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Trademark Law and the Prickly Ambivalence of Post-Parodies
University of Pennsylvania Law Review Online (2014)
  • Charles E. Colman
This Essay examines what I call "post-parodies" in apparel. This emerging genre of do-it-yourself fashion is characterized by the appropriation and modification of third-party trademarks — not for the sake of dismissively mocking or zealously glorifying luxury fashion, but rather to engage in more complex forms of expression. I examine the cultural circumstances and psychological factors giving rise to post-parodic fashion, and conclude that the sensibility causing its proliferation is one grounded in ambivalence. Unfortunately, current doctrine governing trademark parodies cannot begin to make sense of post-parodic goods; among other shortcomings, that doctrine suffers from crude analytical tools and a cramped view of "worthy" expression. I argue that trademark law — at least, if it hopes to determine post-parodies’ lawfulness in a principled, meaningful way — is asking the wrong questions, and that existing parody doctrine should be supplanted by a more thoughtful and nuanced framework.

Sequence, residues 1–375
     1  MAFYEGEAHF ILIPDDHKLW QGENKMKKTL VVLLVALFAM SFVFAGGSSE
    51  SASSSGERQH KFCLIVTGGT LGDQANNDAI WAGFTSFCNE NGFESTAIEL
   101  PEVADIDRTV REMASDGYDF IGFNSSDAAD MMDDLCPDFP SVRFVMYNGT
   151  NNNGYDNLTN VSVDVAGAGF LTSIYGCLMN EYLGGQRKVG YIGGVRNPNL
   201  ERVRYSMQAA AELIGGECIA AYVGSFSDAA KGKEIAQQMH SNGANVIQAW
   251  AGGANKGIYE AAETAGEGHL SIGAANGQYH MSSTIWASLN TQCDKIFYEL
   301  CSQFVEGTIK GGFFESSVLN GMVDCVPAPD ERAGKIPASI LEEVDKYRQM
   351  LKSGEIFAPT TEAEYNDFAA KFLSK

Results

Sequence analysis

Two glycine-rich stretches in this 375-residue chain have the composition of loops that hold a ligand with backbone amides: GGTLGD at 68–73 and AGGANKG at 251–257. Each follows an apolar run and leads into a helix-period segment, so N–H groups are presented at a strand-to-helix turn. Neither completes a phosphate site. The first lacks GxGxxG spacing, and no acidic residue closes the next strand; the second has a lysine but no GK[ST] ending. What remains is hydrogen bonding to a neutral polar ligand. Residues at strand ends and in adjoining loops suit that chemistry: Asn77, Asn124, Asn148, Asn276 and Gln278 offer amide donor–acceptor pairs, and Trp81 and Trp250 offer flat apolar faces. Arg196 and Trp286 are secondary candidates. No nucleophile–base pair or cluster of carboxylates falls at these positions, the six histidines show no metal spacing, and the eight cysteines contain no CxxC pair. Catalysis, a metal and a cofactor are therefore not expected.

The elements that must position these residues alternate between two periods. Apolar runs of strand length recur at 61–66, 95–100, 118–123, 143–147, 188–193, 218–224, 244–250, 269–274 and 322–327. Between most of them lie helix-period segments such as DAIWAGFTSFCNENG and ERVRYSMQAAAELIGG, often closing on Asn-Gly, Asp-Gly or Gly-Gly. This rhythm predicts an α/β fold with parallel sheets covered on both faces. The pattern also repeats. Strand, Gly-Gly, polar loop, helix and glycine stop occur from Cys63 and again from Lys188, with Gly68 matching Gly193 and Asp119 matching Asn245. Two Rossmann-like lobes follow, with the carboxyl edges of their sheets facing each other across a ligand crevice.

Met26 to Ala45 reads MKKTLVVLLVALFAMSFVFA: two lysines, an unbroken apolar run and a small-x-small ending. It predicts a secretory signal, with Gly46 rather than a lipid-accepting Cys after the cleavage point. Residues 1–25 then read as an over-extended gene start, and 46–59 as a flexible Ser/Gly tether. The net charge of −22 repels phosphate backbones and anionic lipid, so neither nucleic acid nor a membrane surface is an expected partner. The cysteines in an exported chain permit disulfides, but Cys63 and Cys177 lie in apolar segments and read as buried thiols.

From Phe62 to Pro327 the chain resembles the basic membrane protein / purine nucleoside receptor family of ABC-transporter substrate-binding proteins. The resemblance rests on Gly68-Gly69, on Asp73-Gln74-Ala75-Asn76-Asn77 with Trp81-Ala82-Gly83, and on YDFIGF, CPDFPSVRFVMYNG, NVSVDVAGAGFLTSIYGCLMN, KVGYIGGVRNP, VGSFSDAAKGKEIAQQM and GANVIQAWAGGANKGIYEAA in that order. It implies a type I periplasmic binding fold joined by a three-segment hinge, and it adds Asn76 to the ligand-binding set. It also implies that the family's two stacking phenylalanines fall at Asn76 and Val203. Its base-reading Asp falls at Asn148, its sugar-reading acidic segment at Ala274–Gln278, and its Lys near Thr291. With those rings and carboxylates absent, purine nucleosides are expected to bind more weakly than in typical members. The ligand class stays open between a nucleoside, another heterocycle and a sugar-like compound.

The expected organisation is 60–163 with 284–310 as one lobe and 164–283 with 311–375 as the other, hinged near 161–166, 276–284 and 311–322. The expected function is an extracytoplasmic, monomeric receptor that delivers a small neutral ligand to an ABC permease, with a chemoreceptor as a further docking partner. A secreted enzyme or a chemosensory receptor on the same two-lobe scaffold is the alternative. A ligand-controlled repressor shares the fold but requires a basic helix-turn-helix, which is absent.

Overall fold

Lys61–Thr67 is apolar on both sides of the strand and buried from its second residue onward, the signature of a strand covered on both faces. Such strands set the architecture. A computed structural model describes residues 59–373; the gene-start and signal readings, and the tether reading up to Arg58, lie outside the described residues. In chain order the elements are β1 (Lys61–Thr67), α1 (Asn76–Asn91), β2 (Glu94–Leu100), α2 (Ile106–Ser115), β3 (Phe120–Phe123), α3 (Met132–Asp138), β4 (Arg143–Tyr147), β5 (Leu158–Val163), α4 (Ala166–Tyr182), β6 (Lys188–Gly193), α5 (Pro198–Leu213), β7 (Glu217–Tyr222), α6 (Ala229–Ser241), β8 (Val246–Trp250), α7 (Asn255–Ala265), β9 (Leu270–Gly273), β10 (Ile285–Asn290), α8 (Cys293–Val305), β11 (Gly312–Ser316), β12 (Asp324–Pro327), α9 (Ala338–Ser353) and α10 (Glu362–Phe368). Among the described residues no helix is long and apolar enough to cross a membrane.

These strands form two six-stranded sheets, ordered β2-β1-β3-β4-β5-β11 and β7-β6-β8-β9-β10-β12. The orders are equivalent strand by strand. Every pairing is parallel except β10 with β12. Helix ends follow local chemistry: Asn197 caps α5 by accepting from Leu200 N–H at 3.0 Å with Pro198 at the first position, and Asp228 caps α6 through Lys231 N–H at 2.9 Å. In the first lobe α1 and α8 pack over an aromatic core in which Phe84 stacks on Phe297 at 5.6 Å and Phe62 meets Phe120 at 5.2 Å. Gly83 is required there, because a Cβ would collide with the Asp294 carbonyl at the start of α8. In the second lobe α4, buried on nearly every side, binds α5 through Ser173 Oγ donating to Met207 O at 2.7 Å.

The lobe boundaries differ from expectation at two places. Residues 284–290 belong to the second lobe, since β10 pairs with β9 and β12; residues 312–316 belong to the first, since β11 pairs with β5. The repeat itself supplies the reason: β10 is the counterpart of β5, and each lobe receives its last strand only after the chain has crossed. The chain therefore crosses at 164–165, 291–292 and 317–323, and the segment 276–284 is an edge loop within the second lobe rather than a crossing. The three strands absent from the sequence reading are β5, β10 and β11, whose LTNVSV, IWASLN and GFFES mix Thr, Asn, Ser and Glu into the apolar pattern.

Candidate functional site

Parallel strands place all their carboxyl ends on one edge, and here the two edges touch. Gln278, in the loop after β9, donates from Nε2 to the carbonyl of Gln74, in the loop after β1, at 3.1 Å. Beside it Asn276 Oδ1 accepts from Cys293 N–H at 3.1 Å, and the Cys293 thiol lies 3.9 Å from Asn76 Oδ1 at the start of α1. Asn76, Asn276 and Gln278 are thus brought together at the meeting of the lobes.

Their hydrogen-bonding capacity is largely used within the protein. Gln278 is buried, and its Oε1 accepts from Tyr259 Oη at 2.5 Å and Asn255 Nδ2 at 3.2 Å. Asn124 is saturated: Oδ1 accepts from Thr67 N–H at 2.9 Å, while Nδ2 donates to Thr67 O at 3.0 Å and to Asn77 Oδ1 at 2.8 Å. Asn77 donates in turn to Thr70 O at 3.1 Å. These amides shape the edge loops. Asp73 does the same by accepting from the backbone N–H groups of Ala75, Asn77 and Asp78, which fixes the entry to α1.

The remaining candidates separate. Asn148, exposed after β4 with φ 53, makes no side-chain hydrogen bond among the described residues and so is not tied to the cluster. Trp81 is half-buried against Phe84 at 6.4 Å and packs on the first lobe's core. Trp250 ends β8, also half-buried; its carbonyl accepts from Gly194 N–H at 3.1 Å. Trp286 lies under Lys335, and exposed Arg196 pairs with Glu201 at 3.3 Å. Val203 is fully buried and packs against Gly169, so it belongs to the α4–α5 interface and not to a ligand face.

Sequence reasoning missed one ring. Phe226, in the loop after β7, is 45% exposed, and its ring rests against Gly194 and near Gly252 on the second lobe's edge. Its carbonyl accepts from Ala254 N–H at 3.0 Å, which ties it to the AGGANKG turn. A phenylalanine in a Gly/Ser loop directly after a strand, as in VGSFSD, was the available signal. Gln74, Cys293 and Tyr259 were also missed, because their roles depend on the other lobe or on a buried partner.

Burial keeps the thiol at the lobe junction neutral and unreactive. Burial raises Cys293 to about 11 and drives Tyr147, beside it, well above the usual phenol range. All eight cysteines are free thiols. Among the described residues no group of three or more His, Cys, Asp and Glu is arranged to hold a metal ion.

• trademark,
  • trade dress,
  • intellectual property,
  • infringement,
  • dilution,
  • First Amendment,
  • creativity,
  • expression,
  • political speech,
  • parody,
  • post-parody,
  • satire,
  • fashion,
  • theory,
  • history,
  • consumer culture,
  • counterculture,
  • subversive,
  • Hermes,
  • Homies,
  • Celine,
  • Feline,
  • Brian Lichtenberg,
  • Zevs,
  • ambivalence
Publication Date
August, 2014
Citation Information
Charles E. Colman. "Trademark Law and the Prickly Ambivalence of Post-Parodies" University of Pennsylvania Law Review Online Vol. 163 (2014)
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